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Many countries around the world have responded to the corona crisis by closing border crossings, including EU countries. The principle of freedom of movement was set aside, in favor of the principle of maintaining public health. The global epidemic landed on Europe at the end of a tumultuous decade - the slow economic recovery from the 2008 crisis, the accession of weak countries to the Union and the dramatic exit of Britain following the Brexit referendum.
Germany, in its role as the responsible adult, manages to advance processes of economic aid and political cooperation, but the union is still lagging behind when it comes to scientific and medical developments and has difficulty participating in the race to find a vaccine or cure for Corona.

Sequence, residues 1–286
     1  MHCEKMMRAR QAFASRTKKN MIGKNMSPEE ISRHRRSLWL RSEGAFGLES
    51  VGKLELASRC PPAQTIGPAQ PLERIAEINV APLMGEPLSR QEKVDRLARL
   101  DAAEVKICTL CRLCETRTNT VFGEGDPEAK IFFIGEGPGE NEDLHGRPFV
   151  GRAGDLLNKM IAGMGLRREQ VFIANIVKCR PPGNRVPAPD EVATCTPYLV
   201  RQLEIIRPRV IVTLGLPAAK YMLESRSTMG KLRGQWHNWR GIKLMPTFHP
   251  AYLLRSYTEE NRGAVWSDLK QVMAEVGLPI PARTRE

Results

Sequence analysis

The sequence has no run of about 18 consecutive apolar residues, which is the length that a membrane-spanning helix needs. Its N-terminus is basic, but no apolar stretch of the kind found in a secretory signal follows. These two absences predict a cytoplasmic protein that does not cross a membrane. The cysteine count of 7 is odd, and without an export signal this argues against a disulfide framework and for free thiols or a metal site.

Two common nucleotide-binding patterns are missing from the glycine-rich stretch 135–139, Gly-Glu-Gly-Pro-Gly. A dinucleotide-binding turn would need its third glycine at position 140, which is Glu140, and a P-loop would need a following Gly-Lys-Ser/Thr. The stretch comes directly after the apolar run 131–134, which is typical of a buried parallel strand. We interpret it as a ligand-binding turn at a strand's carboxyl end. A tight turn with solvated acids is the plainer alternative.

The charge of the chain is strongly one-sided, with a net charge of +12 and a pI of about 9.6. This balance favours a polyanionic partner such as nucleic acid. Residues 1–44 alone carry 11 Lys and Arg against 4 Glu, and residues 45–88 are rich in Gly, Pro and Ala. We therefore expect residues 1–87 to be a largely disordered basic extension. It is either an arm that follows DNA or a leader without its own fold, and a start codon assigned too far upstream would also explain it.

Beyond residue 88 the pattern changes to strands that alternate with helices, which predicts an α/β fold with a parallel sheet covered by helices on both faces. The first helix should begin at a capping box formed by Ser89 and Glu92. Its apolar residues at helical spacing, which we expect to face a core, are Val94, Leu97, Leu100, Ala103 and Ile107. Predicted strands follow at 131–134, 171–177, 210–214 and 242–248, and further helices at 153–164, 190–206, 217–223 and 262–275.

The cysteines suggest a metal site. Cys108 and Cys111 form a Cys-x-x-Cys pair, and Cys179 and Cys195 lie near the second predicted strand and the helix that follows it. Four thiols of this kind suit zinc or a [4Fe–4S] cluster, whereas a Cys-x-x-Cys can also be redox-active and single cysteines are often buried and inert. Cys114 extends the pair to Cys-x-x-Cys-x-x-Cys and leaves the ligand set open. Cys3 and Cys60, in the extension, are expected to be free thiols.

Oren Nahari hosts Prof. Ulrike Guérot, professor at the Department of European Politics and Democracy Research (DED) at the Danube University Krems (Austria), and Assoc. Prof. Dr. Margarita Seselgyte, Director of the Institute of International relations and political sciences at Vilnius University, and together they try to answer the question: has the corona crisis irreversibly changed Europe? And is there a chance that the EU countries will be able to cooperate effectively to resolve the crisis?
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